The summer season brings warmer weather, which in turn brings legions of biting and stinging insects. These pests bug not only people, but also make pets miserable. Pet owners most commonly associate fleas and ticks with their pets, but mosquitoes, spiders, flies, ants, bees, and wasps can also bother pets as well as people. 

The Midtown Veterinary Hospital team knows that insect bites can sometimes lead to serious problems. We want pet owners to be prepared, so we are providing our guide to summer insect bites and stings in pets.

Fleas and ticks in pets

Fleas and ticks are the most common biting insects you’ll find on your pet. Fleas are small, winged insects that can jump on your pet, take up residence, reproduce, and complete their life cycle in the environment and on your pet’s skin. Fleas bite your pet constantly, producing an annoying itch, and some pets develop flea allergy dermatitis (FAD), a widespread allergic reaction that causes extremely itchy skin and hair loss.

Ticks do not live on your pet but attach for hours or days to take a full blood meal. While attached, a tick can transmit serious diseases, including Lyme disease, ehrlichiosis, Rocky Mountain spotted fever, or anaplasmosis. After the tick detaches or is manually removed, their bite site often becomes a small, inflamed bump that stays for several weeks. Occasionally, tick bites become infected or cause a local allergic reaction.

Insect bites and stings in pets

Mosquito bites affect pets and people similarly, causing a small, itchy bump that lasts for a few days. But, mosquitoes can cause a bigger problem—they can transmit heartworms, which is an infection that will cause serious heart and lung disease or death if left untreated.

Your pet’s reaction to other bug bites and stings depends on their individual tolerance. Fly and spider bites are particularly irritating and may cause a local skin infection that requires veterinary treatment. Bees and wasps inject a venom that causes temporary pain and swelling at the site, and a subset of pets may develop a systemic sting allergy.

Insect-induced allergies in pets

Insect allergies can manifest in two different ways.

  • Delayed hypersensitivity reaction — The first causes a long-lasting rash around the bite site, possibly causing infection if your pet chews or licks the area. This delayed hypersensitivity reaction occurs hours or days after the bite.
  • Acute hypersensitivity reaction — The second type is an acute hypersensitivity reaction that ranges in severity. A mild acute allergic reaction often causes itchy hives all over the body, as well as facial swelling, while a severe reaction may include vomiting, diarrhea, breathing difficulties, and shock or collapse. This severe reaction is also known as anaphylaxis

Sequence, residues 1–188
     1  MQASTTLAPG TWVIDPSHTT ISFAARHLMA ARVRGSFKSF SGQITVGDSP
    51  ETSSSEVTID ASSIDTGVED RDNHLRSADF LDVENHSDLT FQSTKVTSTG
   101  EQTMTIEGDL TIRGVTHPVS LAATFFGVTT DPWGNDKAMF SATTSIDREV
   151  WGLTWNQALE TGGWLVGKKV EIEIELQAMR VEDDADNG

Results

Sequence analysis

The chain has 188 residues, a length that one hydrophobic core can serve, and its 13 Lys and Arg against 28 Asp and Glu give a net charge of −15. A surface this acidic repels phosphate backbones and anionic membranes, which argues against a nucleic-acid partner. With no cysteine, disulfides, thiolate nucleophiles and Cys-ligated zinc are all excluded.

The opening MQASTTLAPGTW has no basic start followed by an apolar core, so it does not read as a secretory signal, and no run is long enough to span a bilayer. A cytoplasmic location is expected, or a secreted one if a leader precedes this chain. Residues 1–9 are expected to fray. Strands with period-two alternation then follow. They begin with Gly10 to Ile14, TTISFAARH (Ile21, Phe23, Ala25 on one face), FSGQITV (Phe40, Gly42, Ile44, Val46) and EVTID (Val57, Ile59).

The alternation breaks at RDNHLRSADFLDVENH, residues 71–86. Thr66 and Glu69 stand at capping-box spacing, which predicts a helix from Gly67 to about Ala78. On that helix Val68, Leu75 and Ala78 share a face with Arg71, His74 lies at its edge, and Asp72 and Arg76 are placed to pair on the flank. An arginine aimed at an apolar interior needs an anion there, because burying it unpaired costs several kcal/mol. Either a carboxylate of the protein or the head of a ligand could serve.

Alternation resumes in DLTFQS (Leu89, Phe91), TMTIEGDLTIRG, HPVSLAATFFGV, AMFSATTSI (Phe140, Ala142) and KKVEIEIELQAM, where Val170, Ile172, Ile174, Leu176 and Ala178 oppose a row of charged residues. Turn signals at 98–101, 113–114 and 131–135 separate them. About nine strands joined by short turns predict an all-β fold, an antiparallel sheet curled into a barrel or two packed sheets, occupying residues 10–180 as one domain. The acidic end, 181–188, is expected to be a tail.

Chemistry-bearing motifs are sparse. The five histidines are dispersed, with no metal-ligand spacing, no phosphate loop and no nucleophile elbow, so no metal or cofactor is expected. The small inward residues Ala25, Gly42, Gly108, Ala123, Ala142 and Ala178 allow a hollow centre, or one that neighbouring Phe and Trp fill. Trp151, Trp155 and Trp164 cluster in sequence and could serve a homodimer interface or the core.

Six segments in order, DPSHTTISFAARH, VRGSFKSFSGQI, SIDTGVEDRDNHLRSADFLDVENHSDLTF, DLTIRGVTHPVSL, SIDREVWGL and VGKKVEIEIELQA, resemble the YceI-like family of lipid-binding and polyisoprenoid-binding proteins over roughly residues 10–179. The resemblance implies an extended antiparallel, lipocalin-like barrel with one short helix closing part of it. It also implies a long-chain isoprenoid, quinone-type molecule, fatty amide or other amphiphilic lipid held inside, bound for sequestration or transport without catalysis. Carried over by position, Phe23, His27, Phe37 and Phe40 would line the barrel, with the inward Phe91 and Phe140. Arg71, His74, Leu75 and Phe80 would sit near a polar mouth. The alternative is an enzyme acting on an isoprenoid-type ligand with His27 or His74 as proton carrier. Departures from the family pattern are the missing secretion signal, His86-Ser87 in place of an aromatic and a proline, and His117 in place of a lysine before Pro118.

Both insect allergy types are treated with antihistamines and steroids to quiet the storm of inflammation. However, they differ in their urgency. An acute allergic reaction, which could progress to anaphylaxis, is always an emergency, while a delayed reaction can be addressed a few days later when the rash is visible. 

How to recognize and treat insect bites in pets

Bug bites and parasite infestations can be difficult to distinguish from seasonal or environmental allergies in pets. Both are common problems during the summer months, and both lead to itchy, red, irritated skin, hair loss, and bumps. Simple bug bites typically resolve in a few days, but any skin change or abnormality that lasts longer, including redness, persistent bumps, oozing, or scabs, requires veterinary treatment. We can examine your pet’s skin and perform several specialized tests to determine whether your pet suffers from generalized allergies, a skin infection, a parasite infestation, or an insect bite or sting. Treatments for your pet’s skin problem depend on the underlying cause and may include oral medications or topical shampoos, sprays, or creams.

Preventing parasites and insect bites in pets 

The best protection from insects that you can give your pet is an effective monthly flea and tick preventive that will continuously kill fleas and ticks. Most prevention products are also effective against other parasites, including lice and certain mites. Heartworm disease prevention is also important, but will not prevent mosquitoes from biting. 

If your pet is frequently bothered by mosquitoes and flies, use a pet-safe repellent that you wipe or spray on their fur in addition to their monthly preventive. Ensure you choose a product made specifically for pets, because human products are often pet-toxic.

This summer, help your pet feel comfortable and stay healthy with effective monthly parasite prevention and pet-safe bug repellents. Contact the Midtown Veterinary Hospital team if your pet experiences an acute insect bite allergy, or to discuss the best parasite preventives for your individual pet’s needs.